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Curriculum Center Browse Bibliography Build EPacket Pricing Structure Distribution Process Management Control in Nonprofit Organizations
Piedmont University
Anthony, Robert N.
Functional Area(s):
   Management Accounting
   Management Control Systems
Difficulty Level: Intermediate
Pages: 3
Teaching Note: Available. 
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First Page and the Assignment Questions:
        When Hugh Scott was inaugurated as the 12th president of Piedmont University in 2004, the university was experiencing a financial crisis. For several years enrollments had been declining and costs had been increasing. The resulting deficit had been made up by using the principal of quasi-endowment funds. (For true endowment funds, only the income could be used for operating purposes; the principal legally could not be used. Quasi-endowment funds had been accumulated out of earlier years' surpluses with the intention that only the income on these funds would be used for operating purposes; however, there was no legal prohibition on the use of the principal.) The quasi-endowment funds were nearly exhausted.
        Scott immediately instituted measures to turn the financial situation around. He raised tuition, froze faculty and staff hirings, and curtailed operating costs. Although he had come from another university and was therefore viewed with some skepticism by the Piedmont faculty, Scott was a persuasive person, and the faculty and trustees generally agreed with his actions. In the year ended June 30, 2006, there was a small operating surplus.
        In 2006, Scott was approached by Neil Malcolm, a Piedmont alumnus and partner of a local management consulting firm, who volunteered to examine the situation and make recommendations for permanent measures to maintain the university's financial health. Scott accepted this offer.
        Malcolm spent about half time at Piedmont for the next several months and had many conversations with Scott, other administrative officers, and trustees. In late 2006 he submitted his report. It recommended increased recruiting and fund-raising activities, but its most important and controversial recommendation was that the university be reorganized into a set of profit centers.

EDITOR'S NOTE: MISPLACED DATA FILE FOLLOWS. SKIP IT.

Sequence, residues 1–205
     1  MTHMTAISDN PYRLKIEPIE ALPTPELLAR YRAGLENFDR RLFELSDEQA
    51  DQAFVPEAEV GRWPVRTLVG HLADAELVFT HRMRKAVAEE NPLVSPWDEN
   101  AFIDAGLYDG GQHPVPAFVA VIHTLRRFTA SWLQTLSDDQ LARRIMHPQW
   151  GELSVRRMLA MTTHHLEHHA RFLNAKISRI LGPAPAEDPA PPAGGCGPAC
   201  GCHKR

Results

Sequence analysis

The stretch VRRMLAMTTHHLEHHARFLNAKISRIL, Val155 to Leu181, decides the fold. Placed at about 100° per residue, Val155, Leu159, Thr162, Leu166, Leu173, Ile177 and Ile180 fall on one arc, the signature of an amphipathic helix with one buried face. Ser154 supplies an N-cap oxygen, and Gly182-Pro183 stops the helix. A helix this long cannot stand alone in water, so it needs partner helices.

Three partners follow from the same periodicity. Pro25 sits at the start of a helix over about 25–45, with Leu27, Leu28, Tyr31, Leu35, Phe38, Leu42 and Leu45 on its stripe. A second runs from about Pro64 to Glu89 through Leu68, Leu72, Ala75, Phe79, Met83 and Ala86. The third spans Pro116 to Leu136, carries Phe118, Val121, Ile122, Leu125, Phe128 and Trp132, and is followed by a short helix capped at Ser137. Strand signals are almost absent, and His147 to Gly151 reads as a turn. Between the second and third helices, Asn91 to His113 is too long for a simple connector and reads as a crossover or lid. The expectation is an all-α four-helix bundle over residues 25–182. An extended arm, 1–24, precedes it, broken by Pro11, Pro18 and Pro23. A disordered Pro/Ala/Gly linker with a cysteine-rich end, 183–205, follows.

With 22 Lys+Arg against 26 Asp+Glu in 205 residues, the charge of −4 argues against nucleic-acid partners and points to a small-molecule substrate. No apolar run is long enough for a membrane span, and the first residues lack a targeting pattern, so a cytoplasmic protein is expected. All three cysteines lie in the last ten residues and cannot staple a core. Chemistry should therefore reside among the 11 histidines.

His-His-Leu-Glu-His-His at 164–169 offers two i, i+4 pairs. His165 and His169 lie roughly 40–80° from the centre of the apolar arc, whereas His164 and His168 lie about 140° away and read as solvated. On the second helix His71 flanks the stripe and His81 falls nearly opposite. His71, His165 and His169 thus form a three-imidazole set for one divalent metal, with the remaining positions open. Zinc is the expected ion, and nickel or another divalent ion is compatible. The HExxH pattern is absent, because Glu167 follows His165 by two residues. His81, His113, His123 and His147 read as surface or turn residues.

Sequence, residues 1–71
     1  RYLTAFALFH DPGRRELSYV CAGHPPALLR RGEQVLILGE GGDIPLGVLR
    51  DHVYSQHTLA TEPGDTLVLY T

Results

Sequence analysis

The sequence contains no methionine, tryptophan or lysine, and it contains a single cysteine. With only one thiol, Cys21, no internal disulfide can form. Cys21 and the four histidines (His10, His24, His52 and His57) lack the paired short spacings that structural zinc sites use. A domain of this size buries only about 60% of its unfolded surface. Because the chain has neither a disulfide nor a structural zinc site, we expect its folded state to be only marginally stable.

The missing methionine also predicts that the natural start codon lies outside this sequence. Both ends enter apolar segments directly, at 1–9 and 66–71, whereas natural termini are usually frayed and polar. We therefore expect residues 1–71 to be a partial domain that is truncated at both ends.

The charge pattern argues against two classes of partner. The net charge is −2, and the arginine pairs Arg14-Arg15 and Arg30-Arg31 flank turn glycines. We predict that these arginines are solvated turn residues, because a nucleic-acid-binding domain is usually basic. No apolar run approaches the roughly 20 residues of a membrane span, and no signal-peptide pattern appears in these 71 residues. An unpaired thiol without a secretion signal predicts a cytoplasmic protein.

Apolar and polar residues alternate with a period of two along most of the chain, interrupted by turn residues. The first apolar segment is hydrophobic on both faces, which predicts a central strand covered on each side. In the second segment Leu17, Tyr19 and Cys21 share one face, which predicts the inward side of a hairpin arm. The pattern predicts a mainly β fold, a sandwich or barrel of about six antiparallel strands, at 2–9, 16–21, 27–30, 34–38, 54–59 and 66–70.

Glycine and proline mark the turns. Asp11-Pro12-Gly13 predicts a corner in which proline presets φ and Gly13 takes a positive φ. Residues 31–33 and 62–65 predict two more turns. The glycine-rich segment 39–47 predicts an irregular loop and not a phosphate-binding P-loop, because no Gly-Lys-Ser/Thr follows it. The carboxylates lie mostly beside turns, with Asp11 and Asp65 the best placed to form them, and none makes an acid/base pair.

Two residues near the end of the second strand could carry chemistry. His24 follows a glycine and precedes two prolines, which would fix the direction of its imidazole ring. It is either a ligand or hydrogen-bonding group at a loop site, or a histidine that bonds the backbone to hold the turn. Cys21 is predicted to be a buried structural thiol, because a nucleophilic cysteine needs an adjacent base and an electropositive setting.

At that time the principal means of financial control was an annual expenditure budget submitted by the deans of each of the schools and the administrative heads of support departments.
        After discussion with the president and financial vice president, and usually with minor modifications, these budgets were approved. There was a general understanding that each school would live within the faculty size and salary numbers in its approved budget, but not much stress was placed on adhering to the other items.
        Malcolm proposed that in the future the deans and other administrators would submit budgets covering both the revenues and the expenditures for their activities. The proposal also involved some shift in responsibilities and new procedures for crediting revenues to the profit centers that earned them and charging expenditures to the profit centers responsible for them. He made rough estimates of the resulting revenues and expenditures of each profit center using 2006 numbers; these are given in Exhibit 1.
        A series of discussions about the proposal were held in the University Council, which consisted of the president, academic deans, provost, and financial vice president. Although there was support for the general idea, there was disagreement on some of the specifics, as described below.

Central Administrative Costs   

Currently, no university-wide administrative costs were charged to individual schools. The proposal was that these costs would be allocated to profit centers in proportion to the relative costs of each. The graduate school deans regarded this as unfair. Many costs incurred by the administration were in fact closely related to the undergraduate school. Furthermore, they did not like the idea of being held responsible for an allocated cost that they could not control.Assignment

1.     How should each of the issues described above be resolved?
2.     Do you see other problems with the introduction of profit centers? If so, how         would you deal with them?
3.     What are the alternatives to a profit center approach?
4.     Assuming that most of the issues could be resolved to your satisfaction, would         you recommend that the profit center idea be adopted, rather than an alternative?